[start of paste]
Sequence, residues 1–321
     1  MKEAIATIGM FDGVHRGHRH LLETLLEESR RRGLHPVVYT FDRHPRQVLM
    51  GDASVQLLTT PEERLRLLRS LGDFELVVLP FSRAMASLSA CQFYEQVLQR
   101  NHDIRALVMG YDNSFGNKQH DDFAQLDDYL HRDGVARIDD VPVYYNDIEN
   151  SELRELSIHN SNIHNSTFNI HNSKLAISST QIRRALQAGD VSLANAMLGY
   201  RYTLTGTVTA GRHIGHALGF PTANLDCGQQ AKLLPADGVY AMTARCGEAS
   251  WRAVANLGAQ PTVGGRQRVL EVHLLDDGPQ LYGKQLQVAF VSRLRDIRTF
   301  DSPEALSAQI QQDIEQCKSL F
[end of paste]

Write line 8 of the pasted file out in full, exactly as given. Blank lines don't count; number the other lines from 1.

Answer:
   301  DSPEALSAQI QQDIEQCKSL F